Significant Shifts in Value
All of these developments will bring corresponding shifts in value. To quantify those shifts, we analyzed potential changes in the allocation of spending within individual biopharma companies, in the relative market share of companies in the industry, and in the value of the industry as a whole. Again, these changes could trigger a shift of $130 billion in value for US biopharma companies. (See Exhibit 2.)
Internal Spending. Forward-looking organizations will increasingly reallocate their internal spending from traditional spending categories to those that can capitalize on remote health. For example, they will accelerate the shift of their commercial teams and processes away from face-to-face interactions in favor of virtual engagement. They will further strengthen their digital and analytics capabilities, linking together all interactions with physicians across all channels. And they will reallocate a portion of their R&D budget to support virtual clinical trials. Together, these changes could generate a reallocation of approximately $18 billion in internal spending.
Relative Market Share. Some companies will be better able to engage with providers virtually, increasing the productivity of their sales and marketing initiatives and taking share from more slow-footed competitors. Others will create value in new ways by making the investments needed to access real-time, real-world data about patients who use their products—for example, by partnering with tech-enabled remote-health providers such as Teladoc, Babylon, and Omada.
Winning companies will also adjust the products in their portfolio so they can be administered outside of traditional settings. They might develop technology (such as a smart infusion pump) or services (such as remote supervision of the administration of drugs) that enable patients to take their medications in lower-acuity settings. They will also develop digital tools—such as devices that can adjust the dosage of a drug depending on the patient’s response—to supplement traditional biopharma products, generating richer information and improving outcomes. And these companies will change their drug development processes to take advantage of virtual trials—by participating in patient recruitment, for example.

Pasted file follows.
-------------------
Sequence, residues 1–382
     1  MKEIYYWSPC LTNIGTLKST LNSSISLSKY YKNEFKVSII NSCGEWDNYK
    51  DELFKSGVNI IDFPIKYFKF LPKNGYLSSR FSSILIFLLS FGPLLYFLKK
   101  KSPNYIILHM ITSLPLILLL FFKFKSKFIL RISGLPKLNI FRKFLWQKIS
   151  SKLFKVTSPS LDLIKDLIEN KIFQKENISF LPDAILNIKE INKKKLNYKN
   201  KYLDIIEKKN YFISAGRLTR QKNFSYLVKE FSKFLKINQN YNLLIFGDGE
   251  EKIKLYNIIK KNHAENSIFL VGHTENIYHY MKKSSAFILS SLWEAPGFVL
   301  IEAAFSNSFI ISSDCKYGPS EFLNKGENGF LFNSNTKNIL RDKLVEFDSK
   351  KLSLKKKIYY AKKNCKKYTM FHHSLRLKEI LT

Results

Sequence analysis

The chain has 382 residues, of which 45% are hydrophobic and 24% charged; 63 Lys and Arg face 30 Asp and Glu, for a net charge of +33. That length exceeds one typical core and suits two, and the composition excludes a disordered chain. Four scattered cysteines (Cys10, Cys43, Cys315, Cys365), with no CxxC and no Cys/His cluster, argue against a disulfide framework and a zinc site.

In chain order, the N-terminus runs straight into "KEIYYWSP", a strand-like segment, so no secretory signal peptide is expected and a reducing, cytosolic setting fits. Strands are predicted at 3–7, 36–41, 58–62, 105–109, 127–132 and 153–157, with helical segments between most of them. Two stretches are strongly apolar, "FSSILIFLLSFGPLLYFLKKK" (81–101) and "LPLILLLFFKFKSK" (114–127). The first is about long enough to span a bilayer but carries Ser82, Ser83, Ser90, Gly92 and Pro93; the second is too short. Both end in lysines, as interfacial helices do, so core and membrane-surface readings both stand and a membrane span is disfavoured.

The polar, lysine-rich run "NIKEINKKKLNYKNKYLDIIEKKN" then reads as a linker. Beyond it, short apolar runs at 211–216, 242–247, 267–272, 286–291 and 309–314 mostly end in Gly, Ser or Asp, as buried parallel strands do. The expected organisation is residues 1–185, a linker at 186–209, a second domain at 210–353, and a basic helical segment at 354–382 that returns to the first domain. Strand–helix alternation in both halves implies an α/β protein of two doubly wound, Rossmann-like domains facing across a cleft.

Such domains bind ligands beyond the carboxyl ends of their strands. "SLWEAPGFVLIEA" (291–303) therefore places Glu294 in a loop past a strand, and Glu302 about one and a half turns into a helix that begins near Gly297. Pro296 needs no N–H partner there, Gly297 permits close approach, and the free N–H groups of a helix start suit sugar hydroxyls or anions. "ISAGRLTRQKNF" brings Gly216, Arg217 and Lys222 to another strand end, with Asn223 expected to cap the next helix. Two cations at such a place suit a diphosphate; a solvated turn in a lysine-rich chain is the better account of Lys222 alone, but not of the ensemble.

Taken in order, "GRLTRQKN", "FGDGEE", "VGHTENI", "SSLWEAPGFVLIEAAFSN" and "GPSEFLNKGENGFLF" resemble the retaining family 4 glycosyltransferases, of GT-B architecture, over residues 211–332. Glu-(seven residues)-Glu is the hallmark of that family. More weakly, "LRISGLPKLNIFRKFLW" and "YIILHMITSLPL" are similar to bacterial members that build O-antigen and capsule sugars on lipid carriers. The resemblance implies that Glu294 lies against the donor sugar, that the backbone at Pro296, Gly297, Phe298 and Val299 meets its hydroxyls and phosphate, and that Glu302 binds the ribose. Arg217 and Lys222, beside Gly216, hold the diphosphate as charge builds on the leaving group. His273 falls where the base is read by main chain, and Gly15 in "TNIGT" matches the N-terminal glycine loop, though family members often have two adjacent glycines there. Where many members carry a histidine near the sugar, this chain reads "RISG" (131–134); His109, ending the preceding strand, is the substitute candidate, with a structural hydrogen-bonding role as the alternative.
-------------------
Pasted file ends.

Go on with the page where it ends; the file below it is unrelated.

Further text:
Collectively, these changes could result in shifts in market share among competitors in the industry of nearly $67 billion.
Industry Value. Already, data is dramatically changing decision making regarding reimbursement. Payers are demanding better proof of value for a given medicine, for instance, or are requiring that physicians and patients try lower-cost, nondrug solutions before a prescription gets approved. Biopharma companies, too, can use the data generated by remote health care to improve their business.
For example, running predictive algorithms on data from remote patient monitoring can help companies identify at-risk populations and help physicians prescribe preventive or therapeutic drugs. By reducing the need for more complex treatments and hospital admissions, this will allow biopharma companies to increase sales and create value for payers.
Value will also shift from traditional health care players to technology companies, which are bringing their skills in data analytics and consumer engagement to the provision of care. Of course, most tech companies are still infrastructure players rather than health care providers. But if they create platforms with the capabilities that biopharma companies need, they will pose a clear threat to profitability. For that reason, biopharma companies may increasingly start to join cross-disciplinary or cross-sector ecosystems in order to acquire the capabilities needed to capitalize on remote health.